Council to further improve asset management

Ipswich City Council is looking at how it manages each of the things it owns – roads, bridges, buildings, footpaths, parks, playground equipment, sports facilities, stormwater drains and any other physical asset.

The review is part of an 18-project reform program to sharpen the way Ipswich City Council manages and delivers the work its 1200 staff does for the community.

“It’s our mission to become an exemplar council which others can turn to for best-practice experience,” interim administrator Greg Chemello said.

“We’re already seeing signs of this happening in a number of areas.”

The asset management project is one of the easier projects on the council’s current agenda, according to Mr Chemello.

He said asset management was one function of Ipswich City Council that was already at a high standard.

“Asset management is is all about value for money for Ipswich ratepayers,” he said. “We want to be sure we’re spending money wisely to get the best results for the community.

He said this involved making the right decision at the right time for the maintenance and replacement of council’s physical assets.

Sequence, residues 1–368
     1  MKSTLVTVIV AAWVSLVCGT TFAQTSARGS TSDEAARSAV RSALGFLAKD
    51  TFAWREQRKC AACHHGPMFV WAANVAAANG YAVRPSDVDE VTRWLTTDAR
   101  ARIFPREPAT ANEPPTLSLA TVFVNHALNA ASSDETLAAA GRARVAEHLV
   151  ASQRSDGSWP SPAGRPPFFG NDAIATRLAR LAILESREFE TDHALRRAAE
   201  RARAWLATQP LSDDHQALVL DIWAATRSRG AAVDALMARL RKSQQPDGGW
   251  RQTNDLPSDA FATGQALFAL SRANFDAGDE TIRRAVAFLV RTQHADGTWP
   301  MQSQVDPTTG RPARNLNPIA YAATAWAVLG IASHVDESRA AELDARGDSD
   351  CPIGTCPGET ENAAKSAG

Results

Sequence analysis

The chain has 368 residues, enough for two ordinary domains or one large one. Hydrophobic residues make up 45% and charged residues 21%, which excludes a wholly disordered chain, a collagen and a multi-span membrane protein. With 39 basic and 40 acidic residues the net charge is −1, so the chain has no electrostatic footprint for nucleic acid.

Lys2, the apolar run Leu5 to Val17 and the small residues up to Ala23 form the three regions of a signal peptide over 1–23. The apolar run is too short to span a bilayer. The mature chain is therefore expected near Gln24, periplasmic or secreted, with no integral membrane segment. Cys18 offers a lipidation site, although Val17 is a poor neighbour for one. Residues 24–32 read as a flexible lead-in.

“Footpaths are a great example,” Mr Chemello said.

“It’s no good leaving a decaying footpath to further decline and become unsafe.  It’s also not right deciding to replace a bad footpath with a new footpath if that’s not the right solution. Nor replacing a footpath that actually has a more usable life.

“Rather, we want to be looking at how we can build infrastructure which is fit for purpose, and maintain these assets to a good standard which lasts longer into the future.

“It is also important that council doesn’t ‘gold plate’ infrastructure.”  

Council’s acting chief executive officer Charlie Dill will return to his substantive role as chief operating officer of Infrastructure Services when new CEO David Farmer starts on February 4.

Mr Dill will oversee the asset management project, and said he was keen to look at ways of making processes even more transparent and objective than they are now.

“We’re proud of the way we manage this city’s assets,” Mr Dill said.

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